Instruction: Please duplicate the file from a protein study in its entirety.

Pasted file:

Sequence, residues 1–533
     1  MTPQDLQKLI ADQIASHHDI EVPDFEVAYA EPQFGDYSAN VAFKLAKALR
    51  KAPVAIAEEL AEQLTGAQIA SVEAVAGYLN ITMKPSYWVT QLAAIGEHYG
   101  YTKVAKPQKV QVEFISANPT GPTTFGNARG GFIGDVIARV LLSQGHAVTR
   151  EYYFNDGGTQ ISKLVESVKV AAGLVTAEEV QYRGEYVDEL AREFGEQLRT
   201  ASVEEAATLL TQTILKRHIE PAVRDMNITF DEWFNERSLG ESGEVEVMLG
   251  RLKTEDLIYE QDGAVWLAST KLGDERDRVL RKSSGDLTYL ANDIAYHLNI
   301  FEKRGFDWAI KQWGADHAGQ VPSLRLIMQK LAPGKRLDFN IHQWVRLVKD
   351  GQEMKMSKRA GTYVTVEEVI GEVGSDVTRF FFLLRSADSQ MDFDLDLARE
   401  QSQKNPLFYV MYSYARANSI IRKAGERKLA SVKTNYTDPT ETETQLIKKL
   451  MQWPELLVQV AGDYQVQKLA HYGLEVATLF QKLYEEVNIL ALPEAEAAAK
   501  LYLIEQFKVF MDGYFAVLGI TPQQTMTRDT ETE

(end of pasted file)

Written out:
Sequence, residues 1–533
     1  MTPQDLQKLI ADQIASHHDI EVPDFEVAYA EPQFGDYSAN VAFKLAKALR
    51  KAPVAIAEEL AEQLTGAQIA SVEAVAGYLN ITMKPSYWVT QLAAIGEHYG
   101  YTKVAKPQKV QVEFISANPT GPTTFGNARG GFIGDVIARV LLSQGHAVTR
   151  EYYFNDGGTQ ISKLVESVKV AAGLVTAEEV QYRGEYVDEL AREFGEQLRT
   201  ASVEEAATLL TQTILKRHIE PAVRDMNITF DEWFNERSLG ESGEVEVMLG
   251  RLKTEDLIYE QDGAVWLAST KLGDERDRVL RKSSGDLTYL ANDIAYHLNI
   301  FEKRGFDWAI KQWGADHAGQ VPSLRLIMQK LAPGKRLDFN IHQWVRLVKD
   351  GQEMKMSKRA GTYVTVEEVI GEVGSDVTRF FFLLRSADSQ MDFDLDLARE
   401  QSQKNPLFYV MYSYARANSI IRKAGERKLA SVKTNYTDPT ETETQLIKKL
   451  MQWPELLVQV AGDYQVQKLA HYGLEVATLF QKLYEEVNIL ALPEAEAAAK
   501  LYLIEQFKVF MDGYFAVLGI TPQQTMTRDT ETE